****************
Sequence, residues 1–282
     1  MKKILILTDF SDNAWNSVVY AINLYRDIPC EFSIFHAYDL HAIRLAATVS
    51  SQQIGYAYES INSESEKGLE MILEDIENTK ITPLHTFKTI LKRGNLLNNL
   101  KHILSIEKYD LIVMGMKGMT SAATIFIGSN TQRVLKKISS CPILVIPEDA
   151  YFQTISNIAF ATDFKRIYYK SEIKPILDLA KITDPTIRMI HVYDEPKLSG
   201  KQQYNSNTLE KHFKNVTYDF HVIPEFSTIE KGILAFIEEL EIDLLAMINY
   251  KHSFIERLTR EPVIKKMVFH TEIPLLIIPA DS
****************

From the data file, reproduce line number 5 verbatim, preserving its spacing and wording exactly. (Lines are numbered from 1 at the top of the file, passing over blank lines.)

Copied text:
   151  YFQTISNIAF ATDFKRIYYK SEIKPILDLA KITDPTIRMI HVYDEPKLSG